The graceful John F. Staub home, known as the Manor House, on the grounds of the Houstonian Hotel, Club & Spa, has seen its share of celebrities, dignitaries and even a president entertained in its handsome rooms.
For the past 30 years, it has been a where-the-elite-meet destination - a private dining restaurant for members of the Houstonian Club by day and a private function venue on nights and weekends. Since it was renovated and launched as the Manor House restaurant in 1986, it has essentially held members-only status.
Until now. This month, the Houstonian decided to make the Manor House restaurant open to the public in celebration of the historical treasure's 30th anniversary. The move allows foodies to experience a menu and level of service that are steeped in tradition: a rarefied style of dining that exists in only a handful of restaurants in Houston (think Brennan's of Houston, Tony's and the restaurant at La Colombe d'Or Hotel).
Executive chef Neal Cox, who oversees all culinary operations at the Houstonian, including the Manor House, calls the menu Gulf Coast Creole built on French technique.
"For the most part, when people walk into the Manor House there's a degree of presentation and taste that is so classical," said Cox, who has been with the Houstonian for nearly six years and whose résumé includes work at Churrascos, Américas, Trevisio and Pappas Bros. Steakhouse. "We've made a market for ourselves for people looking for that."
It's sumptuous, gorgeous stuff.
Beginning March 1, Cox is offering a new lunch-only menu. It will include classics such as lemon sole meuniere with jumbo lump crab, haricots verts and almond popcorn rice; steak tartare with Yukon potato chips and mache salad; Cobb salad; Southwest Caesar salad with roasted corn, black beans and toasted pepitas; and smoked salmon eggs Benedict.
But Cox also has invested the spring menu with flavorful new dishes including Gulf snapper with Pontchartrain sauce and griddled Johnnycake; filet Oscar with jumbo lump crab, asparagus and Bearnaise sauce; and veal short rib with fava bean risotto. He also has added crawfish bisque, asparagus salad with lardons, and baby kale salad with farro, spring vegetables and heirloom tomatoes.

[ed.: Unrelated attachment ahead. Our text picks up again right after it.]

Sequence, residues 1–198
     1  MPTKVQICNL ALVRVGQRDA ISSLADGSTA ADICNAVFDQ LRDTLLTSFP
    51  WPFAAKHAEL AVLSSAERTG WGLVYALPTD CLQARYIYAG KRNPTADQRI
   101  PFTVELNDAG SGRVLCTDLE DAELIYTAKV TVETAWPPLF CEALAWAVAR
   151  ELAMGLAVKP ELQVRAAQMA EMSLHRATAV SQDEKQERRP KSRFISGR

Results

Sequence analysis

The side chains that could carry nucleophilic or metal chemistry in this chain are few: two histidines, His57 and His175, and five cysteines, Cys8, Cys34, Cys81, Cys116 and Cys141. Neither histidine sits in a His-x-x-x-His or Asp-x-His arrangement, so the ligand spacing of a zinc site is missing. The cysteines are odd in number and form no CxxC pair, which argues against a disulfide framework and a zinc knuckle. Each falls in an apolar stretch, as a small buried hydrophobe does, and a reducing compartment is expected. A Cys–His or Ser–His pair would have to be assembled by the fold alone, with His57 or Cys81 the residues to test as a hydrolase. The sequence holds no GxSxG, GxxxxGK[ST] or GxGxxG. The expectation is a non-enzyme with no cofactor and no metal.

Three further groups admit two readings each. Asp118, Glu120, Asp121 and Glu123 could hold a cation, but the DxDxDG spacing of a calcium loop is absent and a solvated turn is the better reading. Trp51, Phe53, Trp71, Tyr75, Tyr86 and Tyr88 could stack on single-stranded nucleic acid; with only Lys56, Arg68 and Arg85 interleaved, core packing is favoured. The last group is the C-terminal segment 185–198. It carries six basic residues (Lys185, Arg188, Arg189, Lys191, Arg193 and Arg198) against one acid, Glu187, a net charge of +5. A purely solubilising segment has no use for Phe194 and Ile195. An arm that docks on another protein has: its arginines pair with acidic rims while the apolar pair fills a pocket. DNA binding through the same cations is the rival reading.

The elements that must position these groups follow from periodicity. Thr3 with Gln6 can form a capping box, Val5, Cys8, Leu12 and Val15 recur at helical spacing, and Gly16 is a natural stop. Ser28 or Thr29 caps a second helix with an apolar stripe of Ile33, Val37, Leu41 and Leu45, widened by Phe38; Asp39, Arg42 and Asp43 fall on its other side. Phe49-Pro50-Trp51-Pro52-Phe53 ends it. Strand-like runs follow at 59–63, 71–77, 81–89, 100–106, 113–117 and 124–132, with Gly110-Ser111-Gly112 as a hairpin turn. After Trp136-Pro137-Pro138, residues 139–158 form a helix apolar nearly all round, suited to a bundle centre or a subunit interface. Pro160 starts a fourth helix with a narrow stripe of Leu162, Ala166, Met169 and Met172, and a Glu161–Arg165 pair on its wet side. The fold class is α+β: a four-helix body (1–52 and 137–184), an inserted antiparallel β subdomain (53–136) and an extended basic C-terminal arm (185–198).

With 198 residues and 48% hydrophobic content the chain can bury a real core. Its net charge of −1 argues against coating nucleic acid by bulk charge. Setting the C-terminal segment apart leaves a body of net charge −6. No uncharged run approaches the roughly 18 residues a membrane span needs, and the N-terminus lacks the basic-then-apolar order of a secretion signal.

It's a menu as rich as the history of Manor House itself. The 1955 structure was designed by Staub as a residence for Texas oilman Lawrence Reed. In 1971, the parcel of land that included the home was sold to Tom Fatjo for the construction of the Houstonian. In 1982, it was redesigned as the hotel's presidential suite, used by a number of celebrities and dignitaries (the King of Spain; Jack Nicholson's pad while he was filming "Terms of Endearment"). George H.W. Bush and Barbara Bush later used it as a residence while Bush was director of the CIA. As president, Bush returned to the Manor House for the 16th G7 summit, held in Houston in 1990 and attended by United Kingdom Prime Minister Margaret Thatcher and French President Francois Mitterand (economic treaties were signed in the Botanical Room).
Since 1986, when it became the Houstonian Club's private venue, it has been the site of sumptuous weddings and other special occasion events.
But when the hotel began plotting how to mark the Manor House's anniversary, the decision to open it to the public - so that more Houstonians can experience it - seemed appropriate.
"We knew it would be a great change for the whole property; to open it to all Houstonians in its 30th year means more guests dine and more guests experience the history here," said Steve Fronterhouse, hotel general manager. "The timing was right."
Guests can experience the Staub rooms with their Peruvian mahogany floors, rich textiles and English manor décor. It's a stately, dignified spread but entirely welcoming. And with a menu designed to remind people that graceful dining exists amid our fast, casual restaurant realm."
We want people to know that there's still a place dedicated to this type of food," Cox said. "We're staying true to the roots of Manor House and what we've always done - creating memories."
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